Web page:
Prescribed Burn Association Helps Overcome Barriers for Landowners

Prescribed Burn Association Helps Overcome Barriers for Landowners

Contact Pheasants Forever in Nebraska to get started with an association in your areas.

Most landowners agree with the benefits to wildlife, rangeland and in controlling eastern red cedar trees through prescribed burning. According to Pheasants Forever biologist, Pete Berthelsen of Elba, understanding the benefits is not enough. Landowners often see too many obstacles as barriers to burning on their own land.

In an effort to overcome these limitations, Pheasants Forever has teamed up with the Nebraska Game and Parks Commission, Nebraska Environmental Trust and USDA Natural Resources Conservation Service to develop prescribed burning resources for farmers and landowners who organize into prescribed burn associations.

Photo courtesy of Pete Berthelsen with Pheasants Forever, Nebraska chapter.

According to Berthelsen, the three most common limitations to prescribed burning include: not knowing how to conduct a safe, effective burn; not having the labor to carry out a prescribed burn; and not having the proper equipment.

Pheasants Forever and the organization's partners have been working to get past these barriers in Nebraska since 2007, Berthelsen says. And their work is resulting in some success.

Today, there are 10 prescribed burn associations across the state. Since 2008, those associations have conducted 414 prescribed burns covering just over 27,000 acres, he says. Pheasants Forever and the organization's partners developed a series of burn workshops to teach landowners and conservation professionals how to conduct a safe burn. They have educated more than 1,800 people since 2008.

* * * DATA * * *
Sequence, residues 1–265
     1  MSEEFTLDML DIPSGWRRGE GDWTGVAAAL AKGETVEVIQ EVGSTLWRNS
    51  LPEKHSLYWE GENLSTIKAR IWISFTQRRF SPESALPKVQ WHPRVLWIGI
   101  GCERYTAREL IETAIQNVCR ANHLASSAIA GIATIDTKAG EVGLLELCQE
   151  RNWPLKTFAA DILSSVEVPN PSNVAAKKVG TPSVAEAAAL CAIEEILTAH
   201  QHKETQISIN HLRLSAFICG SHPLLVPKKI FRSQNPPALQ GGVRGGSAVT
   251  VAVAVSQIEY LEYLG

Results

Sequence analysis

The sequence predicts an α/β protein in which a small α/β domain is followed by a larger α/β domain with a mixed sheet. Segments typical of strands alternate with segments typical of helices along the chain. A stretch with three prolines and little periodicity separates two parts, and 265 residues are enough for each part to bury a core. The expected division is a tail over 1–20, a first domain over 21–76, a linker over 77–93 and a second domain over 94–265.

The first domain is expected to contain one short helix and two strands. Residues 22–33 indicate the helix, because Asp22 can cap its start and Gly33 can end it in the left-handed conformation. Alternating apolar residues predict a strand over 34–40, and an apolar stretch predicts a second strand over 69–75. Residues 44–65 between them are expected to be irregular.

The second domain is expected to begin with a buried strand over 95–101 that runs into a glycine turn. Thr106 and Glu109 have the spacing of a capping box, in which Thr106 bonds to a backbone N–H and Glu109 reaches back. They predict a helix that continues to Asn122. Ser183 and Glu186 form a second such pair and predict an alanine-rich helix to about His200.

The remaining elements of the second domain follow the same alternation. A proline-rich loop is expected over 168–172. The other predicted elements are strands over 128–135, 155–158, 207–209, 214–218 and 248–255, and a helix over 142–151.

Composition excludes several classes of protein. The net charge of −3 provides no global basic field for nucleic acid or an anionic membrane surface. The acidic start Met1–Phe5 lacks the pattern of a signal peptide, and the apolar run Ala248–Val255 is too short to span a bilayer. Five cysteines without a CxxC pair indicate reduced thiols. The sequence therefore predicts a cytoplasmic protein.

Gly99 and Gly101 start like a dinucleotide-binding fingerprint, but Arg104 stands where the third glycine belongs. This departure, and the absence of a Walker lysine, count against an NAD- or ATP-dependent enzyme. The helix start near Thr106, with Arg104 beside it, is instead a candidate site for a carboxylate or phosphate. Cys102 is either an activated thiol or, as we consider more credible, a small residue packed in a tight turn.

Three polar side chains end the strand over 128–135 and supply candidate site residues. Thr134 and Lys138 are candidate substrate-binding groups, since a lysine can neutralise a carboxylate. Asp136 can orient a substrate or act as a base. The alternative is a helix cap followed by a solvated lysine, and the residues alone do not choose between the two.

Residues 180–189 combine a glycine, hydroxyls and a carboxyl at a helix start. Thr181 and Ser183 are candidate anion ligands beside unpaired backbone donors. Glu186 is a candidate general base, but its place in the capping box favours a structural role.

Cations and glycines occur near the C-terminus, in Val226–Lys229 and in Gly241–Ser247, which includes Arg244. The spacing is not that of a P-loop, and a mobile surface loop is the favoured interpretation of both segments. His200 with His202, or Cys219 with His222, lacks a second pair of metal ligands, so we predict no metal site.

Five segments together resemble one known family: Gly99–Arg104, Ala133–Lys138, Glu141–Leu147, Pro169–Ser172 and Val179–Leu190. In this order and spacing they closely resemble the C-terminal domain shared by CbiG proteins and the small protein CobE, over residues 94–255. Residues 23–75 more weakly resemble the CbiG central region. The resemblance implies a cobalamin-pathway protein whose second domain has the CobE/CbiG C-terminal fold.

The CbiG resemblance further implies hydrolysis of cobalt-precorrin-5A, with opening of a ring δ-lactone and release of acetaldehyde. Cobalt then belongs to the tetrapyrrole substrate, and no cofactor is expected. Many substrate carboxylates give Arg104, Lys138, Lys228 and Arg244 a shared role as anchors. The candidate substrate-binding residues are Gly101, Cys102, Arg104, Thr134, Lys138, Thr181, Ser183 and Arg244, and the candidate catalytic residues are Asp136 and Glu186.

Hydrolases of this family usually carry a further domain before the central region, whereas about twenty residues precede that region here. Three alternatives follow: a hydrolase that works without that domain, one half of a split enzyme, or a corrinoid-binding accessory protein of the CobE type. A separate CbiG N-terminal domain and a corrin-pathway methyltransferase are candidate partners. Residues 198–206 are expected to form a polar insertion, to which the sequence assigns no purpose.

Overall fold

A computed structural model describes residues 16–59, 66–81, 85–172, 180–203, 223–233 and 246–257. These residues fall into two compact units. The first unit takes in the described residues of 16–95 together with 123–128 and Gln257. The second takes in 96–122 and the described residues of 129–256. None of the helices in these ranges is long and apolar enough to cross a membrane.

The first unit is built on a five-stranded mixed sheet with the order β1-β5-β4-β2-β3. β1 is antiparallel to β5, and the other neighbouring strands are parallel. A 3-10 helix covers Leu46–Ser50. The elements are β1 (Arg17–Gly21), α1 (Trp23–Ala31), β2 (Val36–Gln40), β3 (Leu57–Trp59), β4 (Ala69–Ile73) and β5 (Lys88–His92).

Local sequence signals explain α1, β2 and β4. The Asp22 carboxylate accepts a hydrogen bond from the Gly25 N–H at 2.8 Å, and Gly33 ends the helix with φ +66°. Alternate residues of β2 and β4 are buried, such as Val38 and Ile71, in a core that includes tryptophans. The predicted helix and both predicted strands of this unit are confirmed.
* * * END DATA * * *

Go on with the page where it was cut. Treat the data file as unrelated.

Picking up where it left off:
Using grant money from the Nebraska Environmental Trust, Pheasants Forever developed mobile prescribed burn units for every burn association, complete with $28,000 worth of burn equipment. "These units have basically everything you would need for a safe and effective prescribed burn in a grassland environment," says Berthelsen. "They have drip torches, backpack sprayers, vests and radios. You name it."

The associations themselves provide labor. "The best way to describe an association is neighbor helping neighbor," Berthelsen says.

For landowners who wish to establish a burn association in their own region, they first should contact Pheasants Forever for guidance. A biologist, like Berthelsen, is assigned as a mentor for each association, and each group receives a well-equipped mobile burn unit.

You can learn more by reading an upcoming print article in Nebraska Farmer or by contacting the state prescribed burn coordinator, Ben Schiltz, at [email protected].

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